Here the world refers to an organised system of human civilisation and activity which is opposed to God and alienated from Him. It represents everything that prevents man from loving and obeying his creator. Behind it is the formidable enemy, the ruler of this world, Satan himself. God’s demand is radical – do not love the world. In case we miss it, we may conclude that it is alright to love the world a little bit. But we cannot do so because the world is in fact a deceptive attraction, and the enemy knows it and he ‘designs’ it to attract the believer to his destruction. Our affections are set either on the world or on God – Scripture clearly states that it is ‘impossible’ to love both. The devil still employs the same strategy he used on Adam and Eve – he raises questions to suggest that God is not to be trusted. His Word cannot be depended upon. He is a spoilsport, whose only interest is to frustrate you and to inhibit you. ‘Go ahead and break free and start living’ – this is how he tempted us. The devil uses the natural appetites which God has created, to ensnare us – notice how he manipulates the flesh (carnal desires) and uses the deceptive attraction of the world to lure us away from God and into the bondage of the world and evil.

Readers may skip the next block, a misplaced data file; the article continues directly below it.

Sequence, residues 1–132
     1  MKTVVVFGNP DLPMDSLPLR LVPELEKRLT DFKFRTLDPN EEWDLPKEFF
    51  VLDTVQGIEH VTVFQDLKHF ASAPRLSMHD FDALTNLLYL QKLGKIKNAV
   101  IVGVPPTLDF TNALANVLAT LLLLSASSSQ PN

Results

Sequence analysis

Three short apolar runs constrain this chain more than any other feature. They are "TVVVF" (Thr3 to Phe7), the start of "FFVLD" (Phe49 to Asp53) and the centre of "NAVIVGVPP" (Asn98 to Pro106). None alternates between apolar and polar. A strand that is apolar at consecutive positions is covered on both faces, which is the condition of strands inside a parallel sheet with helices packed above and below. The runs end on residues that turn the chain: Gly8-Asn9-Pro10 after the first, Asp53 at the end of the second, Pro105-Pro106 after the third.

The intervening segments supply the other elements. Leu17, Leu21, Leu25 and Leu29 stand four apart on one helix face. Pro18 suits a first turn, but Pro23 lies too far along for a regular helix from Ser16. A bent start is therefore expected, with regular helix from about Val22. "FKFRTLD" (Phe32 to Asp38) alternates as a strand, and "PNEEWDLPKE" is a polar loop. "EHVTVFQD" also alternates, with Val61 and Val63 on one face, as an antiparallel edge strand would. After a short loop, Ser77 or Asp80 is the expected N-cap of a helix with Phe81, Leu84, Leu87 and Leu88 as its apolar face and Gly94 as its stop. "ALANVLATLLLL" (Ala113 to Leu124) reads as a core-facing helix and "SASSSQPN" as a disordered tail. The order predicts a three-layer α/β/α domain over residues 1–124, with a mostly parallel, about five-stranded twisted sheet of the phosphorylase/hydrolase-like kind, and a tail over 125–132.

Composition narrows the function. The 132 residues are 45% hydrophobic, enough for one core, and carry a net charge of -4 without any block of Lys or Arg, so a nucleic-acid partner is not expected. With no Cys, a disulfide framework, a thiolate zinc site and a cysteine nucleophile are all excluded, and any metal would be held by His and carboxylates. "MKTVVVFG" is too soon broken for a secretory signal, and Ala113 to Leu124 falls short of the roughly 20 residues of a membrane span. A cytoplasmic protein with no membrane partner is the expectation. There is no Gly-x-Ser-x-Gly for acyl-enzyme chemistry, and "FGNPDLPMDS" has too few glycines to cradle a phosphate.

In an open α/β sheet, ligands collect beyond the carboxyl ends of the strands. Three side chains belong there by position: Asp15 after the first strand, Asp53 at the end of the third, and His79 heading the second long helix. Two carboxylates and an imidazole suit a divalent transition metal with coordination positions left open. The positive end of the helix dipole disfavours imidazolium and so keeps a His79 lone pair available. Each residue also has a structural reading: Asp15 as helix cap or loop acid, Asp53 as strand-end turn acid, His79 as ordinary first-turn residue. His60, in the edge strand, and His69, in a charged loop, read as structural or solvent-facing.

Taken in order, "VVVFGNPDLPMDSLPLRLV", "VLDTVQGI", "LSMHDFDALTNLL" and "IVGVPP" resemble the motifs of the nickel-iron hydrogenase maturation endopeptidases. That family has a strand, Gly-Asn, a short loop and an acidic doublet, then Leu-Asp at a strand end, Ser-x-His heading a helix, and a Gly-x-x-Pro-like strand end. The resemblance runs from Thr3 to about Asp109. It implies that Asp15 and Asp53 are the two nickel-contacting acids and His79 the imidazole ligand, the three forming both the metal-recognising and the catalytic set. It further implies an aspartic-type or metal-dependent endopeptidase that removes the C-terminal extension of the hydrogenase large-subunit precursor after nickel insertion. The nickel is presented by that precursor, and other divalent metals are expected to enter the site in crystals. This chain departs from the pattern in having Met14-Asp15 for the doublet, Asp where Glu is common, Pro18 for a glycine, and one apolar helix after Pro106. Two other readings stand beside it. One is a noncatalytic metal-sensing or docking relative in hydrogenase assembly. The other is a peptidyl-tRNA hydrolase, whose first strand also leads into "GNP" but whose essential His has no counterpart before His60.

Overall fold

We need to realise that the world (and behind it the devil) cannot produce what it offers. It is like drinking salt water – the unquenchable thirst is increased and there is no satisfaction – only heartbreak and misery await those who succumb to the temptations of the world. The glamour and attractions of the world lead only to decay and empty human glory – they do not last and are in fact illusions, like the mirage which seems so real and yet are in reality mere illusory in nature. If we love the world, we cannot love God; if we ally ourselves with the world, we live for what cannot last and satisfy, and we condemn ourselves to its decay and ultimate judgement from God.